City of Ashes: Pompeii


Roman baths in the city.

After arriving in Naples, we picked up our rental car and headed south to Pompeii, or Pompei. Believe it or not, Devin had never heard of Mt. Vesuvius or Pompeii… except for the Bastille song. Ryann remembers learning about it in Middle School and in High School- always on DBQs or featured in state tests. So to finally visit, would be a tick off that ol’ bucket list. To take a line or two from the song,

“..And the walls kept tumbling down in the city that we love. Gray clouds roll over the hills bringing darkness from above. Close your eyes, does it almost feel like nothing changed at all?”

If one of its citizens could in fact, transport back and forth to Pompeii over the years, it would very much feel like everything has changed. After visiting yourself, you will agree that it is far from being the prosperous and blossoming city of the Roman Empire. Of course, it was destroyed in the volcanic eruption, but what we mean is that the city today is the opposite of thriving. Seeing this, you can expect the rundown hotels, competing with the actual ruins, and the overpriced decent accommodations. So with that, we decided to camp.

Camp Zeus


Excavators at work on actual bodies.

We chose to camp at Camp Zeus. Honestly, we’re not experts on the area, but this was the best choice we made. The concierge that worked at the desk was extremely helpful, offered tips and information that we needed. In addition to the service, the campsite was only 50 meters away from the entrance to the Pompeii ruins. What?! So in actuality, we think we probably slept atop some unexcavated parts of the former city. Probably, right? The campsite also had bathrooms and showers. Thank goodness. Also, for an additional fee, you could connect to the WiFi. As far as nature goes, well, there were orange trees and a few blades of grass to lay our tent on. No, it wasn’t a family destination that you might find in the mountains of Colorado or the Adirondacks, but it was perfect for what we needed. Lastly, it was especially a great deal. It cost 12 Euros for two people (tent). This included our parking for the next day as well. If you wanted to park nearby to go to the Pompeii site anyway, you’d be paying 4 or 5 Euro for that! We were very thankful we made the choice of camping at Zeus.

After our first night camping, we started our morning visiting Mount Vesuvius. We were very grateful we did it, even though we felt it was a little pricey. We stopped on the way home to eat lunch before going to the ruins later. Lunch was… the Health Inspector would probably have a field day. We kicked ourselves for not eating right next to the campsite/ruins area. Oh well. Win some, lose some.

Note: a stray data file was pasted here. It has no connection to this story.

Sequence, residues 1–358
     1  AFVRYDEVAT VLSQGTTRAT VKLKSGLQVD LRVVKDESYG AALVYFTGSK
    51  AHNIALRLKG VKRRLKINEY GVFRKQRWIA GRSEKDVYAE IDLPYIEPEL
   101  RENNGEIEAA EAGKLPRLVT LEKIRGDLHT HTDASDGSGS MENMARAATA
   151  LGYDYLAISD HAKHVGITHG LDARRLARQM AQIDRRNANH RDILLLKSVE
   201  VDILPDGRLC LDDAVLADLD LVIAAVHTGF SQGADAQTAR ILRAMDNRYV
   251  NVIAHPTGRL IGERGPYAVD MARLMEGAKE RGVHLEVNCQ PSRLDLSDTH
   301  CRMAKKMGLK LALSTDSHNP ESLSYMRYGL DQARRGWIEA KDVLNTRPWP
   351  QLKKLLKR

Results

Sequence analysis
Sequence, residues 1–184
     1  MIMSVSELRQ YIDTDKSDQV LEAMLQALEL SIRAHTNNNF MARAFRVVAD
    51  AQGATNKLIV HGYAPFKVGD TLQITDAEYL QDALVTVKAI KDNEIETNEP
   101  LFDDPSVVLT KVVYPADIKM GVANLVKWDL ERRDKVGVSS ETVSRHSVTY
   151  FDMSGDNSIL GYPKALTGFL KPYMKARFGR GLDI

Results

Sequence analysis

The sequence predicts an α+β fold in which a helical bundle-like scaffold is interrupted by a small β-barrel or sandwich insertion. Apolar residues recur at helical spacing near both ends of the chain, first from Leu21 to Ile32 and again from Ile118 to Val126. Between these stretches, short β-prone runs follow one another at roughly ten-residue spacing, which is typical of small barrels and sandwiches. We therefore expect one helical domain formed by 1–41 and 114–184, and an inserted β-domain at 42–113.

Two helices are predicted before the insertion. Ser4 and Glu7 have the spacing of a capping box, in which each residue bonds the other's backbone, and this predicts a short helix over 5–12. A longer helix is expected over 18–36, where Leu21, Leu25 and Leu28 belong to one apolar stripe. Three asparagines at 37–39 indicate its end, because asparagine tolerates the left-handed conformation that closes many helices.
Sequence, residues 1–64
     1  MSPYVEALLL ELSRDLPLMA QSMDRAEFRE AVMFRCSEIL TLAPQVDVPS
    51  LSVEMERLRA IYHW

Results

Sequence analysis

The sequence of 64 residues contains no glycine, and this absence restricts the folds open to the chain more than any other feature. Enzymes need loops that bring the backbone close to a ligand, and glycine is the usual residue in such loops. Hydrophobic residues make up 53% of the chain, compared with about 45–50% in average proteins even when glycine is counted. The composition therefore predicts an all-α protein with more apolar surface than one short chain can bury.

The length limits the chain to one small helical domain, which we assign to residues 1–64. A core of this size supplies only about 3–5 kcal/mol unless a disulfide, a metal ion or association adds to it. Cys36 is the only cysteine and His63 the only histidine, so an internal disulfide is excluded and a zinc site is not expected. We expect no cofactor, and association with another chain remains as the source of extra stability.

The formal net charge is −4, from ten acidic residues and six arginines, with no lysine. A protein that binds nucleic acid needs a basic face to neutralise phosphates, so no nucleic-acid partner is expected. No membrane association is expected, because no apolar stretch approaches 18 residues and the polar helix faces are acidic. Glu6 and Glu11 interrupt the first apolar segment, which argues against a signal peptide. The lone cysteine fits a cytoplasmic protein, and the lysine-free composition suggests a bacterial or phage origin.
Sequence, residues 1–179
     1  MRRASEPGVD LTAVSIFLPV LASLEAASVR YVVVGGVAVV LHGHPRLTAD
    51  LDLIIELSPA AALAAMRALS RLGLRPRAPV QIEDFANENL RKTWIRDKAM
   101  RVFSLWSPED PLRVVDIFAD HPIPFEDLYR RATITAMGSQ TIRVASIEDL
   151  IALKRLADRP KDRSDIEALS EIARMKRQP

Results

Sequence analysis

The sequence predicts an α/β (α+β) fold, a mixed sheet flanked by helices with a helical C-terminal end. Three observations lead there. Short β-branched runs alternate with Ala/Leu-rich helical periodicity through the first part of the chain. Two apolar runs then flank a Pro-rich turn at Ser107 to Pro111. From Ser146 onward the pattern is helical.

Pompeii Ruins


Tragic findings restored.

After our less than gourmet lunch, we made it back to the campsite. We freshened up a bit, packed up the tent and walked over to the Ruin entrance. They gave us a map and we were instantly overwhelmed by everything there was: this area will take an hour, this area will take two hours, this area if you have four hours. We knew we needed to get the audio guide to learn anything about all there was to see. And honestly, we just wanted to see the bodies. Horrible, we know, but how you can miss it?

There are some very amazing and awesome things about the Pompeii Ruins:

  • You are free to roam and explore a very large part of the area. It’s incredible that visitors can get so up close and personal to the excavated relics. Maybe it’s because of the great number of what they’ve found, but we don’t even recall many “Do Not Touch” signs. That part about the park is amazing.
  • You can peek in and see excavators right at work. Through a clothed fence, we saw archaeologists working on some of the findings (i.e., BODIES).
  • Stray d  ogs. There are beastly dogs just happily frolicking around the park. Some are huge, similar to Cujo, so beware. But it’s a little funny to see that these dogs have decided to inhabit and take over parts of the Ruins. We also wonder who picks up the dog poop?
  • Various water fountains. For being such a gigantic place, it was wonderful seeing water being spewed from (possibly authentic Pompeii?) statue fountains.
  • The fact that incredibly only 47% of the area has been excavated. They still have so much more to find! Apparently, one problem of progress is that Italy is having difficulty finding skilled and competent archaeologists to stay lon

    Part of the square with Vesuvius in the background.

    g enough because of the city of Pompeii being so…unlivable.

So, besides those five things, it was really cool seeing everything with our own eyes. It’s incredible to see what the human mind can puzzle piece back together. We picked up one audio guide, where Ryann punched in the numbers to listen and then divulge the information to Devin. Unfortunately, the audio guide kind of sucked. It took entirely too long, included sound effects and just wasn’t made for a visitor who didn’t have all day. There were 0 signs posting any sort of information around the Ruins, by the way. It definitely lacks a lot for tourists unless you have a personal tour guide. Our camp site concierge had recommended against the personal tours, so we don’t know which choice is best. Maybe the best bet would be splurging on a highly-reputable and fun guide. Maybe there are college students that provide cheaper tours? We’re still unsure, but we spent maybe an hour and a half overall at the park. It’s sad, because it is one of the most interesting places in the world, so it’s truly unfortunate it’s not managed or organized to the best that it could be.

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